• Ploughing:Plough early; two ploughings gives soil a fine tilth. Ploughing during the dry season removes perennial grasses like the noxious Couch grass.

 

  • Weed management:Some farmers make the assumption that since the maize will be used for silage then it doesn’t require as much weeding as maize to be harvested for grain. Weed infested fields give less yields because weeds compete with the main crop for nutrients, light and moisture. Pests and diseases ‘love’ weed infested fields. Weed twice to keep your maize field weed free.
  • Harvesting:Harvest when the grain is milky (dough stage) and has more sugar to increase rate of fermentation.

 

  • Chopping:Chopping material into small pieces of 1cm – 2.5 cm; small material allows better compaction, bigger material takes longer to ferment and harder for cows to ingest.

 

 

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Silage is high-moisture fodder preserved through fermentation in the absence of air. These are fodders that would deteriorate in quality if allowed to dry. Silage can be made from grasses, fodder sorghum, green oats, green maize or Napier grass.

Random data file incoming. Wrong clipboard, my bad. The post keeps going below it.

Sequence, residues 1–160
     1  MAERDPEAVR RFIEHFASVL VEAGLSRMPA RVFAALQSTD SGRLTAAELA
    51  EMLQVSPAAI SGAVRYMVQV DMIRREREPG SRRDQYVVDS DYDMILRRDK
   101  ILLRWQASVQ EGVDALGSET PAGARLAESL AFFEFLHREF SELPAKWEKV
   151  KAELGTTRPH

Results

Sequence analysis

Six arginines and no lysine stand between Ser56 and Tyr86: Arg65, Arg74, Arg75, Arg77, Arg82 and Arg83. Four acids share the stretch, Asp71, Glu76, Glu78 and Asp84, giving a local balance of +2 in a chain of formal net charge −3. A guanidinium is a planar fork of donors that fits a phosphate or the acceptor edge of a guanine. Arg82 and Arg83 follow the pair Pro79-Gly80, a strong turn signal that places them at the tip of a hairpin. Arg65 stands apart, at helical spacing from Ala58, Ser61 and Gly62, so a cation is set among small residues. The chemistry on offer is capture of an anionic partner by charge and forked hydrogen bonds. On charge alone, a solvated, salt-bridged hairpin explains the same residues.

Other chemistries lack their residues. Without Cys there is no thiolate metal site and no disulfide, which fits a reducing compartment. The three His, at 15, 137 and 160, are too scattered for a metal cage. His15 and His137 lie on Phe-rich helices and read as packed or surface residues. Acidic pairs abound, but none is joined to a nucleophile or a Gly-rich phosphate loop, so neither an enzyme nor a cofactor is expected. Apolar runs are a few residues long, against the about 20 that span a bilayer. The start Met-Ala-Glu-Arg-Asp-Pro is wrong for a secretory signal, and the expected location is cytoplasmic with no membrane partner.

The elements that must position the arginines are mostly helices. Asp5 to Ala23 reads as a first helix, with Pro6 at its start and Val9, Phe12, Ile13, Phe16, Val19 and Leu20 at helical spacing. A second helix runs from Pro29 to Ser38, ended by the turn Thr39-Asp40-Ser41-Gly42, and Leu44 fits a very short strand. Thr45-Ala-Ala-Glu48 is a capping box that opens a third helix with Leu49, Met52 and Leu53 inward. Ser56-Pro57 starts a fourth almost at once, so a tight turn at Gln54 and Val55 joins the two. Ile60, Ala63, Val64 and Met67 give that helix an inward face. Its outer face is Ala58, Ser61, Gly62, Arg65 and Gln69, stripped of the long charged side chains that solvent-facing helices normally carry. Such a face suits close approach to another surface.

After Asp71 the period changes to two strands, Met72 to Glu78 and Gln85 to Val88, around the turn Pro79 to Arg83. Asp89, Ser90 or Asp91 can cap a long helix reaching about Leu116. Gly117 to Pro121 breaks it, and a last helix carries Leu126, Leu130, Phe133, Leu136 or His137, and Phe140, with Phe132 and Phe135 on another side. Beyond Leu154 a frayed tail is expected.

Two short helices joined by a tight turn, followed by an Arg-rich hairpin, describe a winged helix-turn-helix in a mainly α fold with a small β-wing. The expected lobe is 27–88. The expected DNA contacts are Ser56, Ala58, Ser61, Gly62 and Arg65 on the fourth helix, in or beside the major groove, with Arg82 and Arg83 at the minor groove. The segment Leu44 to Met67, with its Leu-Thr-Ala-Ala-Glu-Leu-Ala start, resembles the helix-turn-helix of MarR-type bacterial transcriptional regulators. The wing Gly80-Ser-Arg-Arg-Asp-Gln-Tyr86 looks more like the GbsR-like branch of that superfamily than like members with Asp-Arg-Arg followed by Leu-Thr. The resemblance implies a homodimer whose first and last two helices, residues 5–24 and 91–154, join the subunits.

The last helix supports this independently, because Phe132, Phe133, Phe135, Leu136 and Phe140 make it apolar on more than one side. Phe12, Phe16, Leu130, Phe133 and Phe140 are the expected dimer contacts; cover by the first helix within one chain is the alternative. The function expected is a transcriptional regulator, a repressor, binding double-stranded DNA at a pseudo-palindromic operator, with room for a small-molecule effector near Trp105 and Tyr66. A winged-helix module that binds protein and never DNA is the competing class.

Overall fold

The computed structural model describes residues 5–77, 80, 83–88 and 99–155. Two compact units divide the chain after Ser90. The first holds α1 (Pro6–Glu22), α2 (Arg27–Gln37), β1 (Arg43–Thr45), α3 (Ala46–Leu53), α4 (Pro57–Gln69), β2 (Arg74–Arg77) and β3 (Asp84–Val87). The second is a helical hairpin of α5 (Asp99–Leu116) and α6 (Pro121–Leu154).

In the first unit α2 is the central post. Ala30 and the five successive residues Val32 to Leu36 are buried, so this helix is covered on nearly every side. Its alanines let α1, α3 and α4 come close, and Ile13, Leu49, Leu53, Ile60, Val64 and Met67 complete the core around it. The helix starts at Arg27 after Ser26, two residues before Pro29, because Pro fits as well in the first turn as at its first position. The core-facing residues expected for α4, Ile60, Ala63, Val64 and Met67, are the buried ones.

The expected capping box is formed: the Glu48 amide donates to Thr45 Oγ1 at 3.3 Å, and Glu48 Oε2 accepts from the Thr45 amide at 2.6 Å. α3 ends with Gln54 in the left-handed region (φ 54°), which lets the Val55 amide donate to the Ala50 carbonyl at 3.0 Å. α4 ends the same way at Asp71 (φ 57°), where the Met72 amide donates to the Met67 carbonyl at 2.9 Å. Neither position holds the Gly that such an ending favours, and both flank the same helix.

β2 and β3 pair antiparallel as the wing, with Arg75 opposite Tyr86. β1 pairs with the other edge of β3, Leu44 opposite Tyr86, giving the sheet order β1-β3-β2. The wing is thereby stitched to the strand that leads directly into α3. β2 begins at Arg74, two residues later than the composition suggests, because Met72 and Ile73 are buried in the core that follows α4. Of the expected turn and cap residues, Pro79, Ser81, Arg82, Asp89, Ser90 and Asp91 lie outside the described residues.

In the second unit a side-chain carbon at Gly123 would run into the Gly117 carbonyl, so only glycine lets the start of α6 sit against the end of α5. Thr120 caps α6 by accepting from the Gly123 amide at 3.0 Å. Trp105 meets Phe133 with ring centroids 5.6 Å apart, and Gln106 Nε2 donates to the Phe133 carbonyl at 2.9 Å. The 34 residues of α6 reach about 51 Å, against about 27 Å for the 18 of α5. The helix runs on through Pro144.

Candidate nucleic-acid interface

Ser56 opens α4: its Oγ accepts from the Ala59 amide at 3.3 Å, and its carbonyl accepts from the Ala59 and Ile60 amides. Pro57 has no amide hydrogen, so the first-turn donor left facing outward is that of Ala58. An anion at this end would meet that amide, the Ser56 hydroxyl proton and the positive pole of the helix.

An ideal crop for silage making should;

 

•           contain an adequate level of fermentable sugars in the form of water-soluble carbohydrates 

•           have dry matter content in the fresh crop of above 20% 

•           possess a physical structure that will allow it to compact readily in the silo after harvesting

 

Crops not fulfilling these requirements may require pre-treatment such as;

•           field wilting, to reduce moisture 

•           fine chopping to a length of 2–2.5 cm to allow compaction 

•           use of additives, to increase soluble carbohydrates 

 

Dry matter yield of common fodders used for silage making is 4–12 t/acre for Napier grass, 6.8 - 8.8 t/acre for sorghum E6518 and 9.6 t/acre for maize.

 

Source:Feeding dairy cattle in East Africa, © 2012 East Africa Dairy Development project (EADD)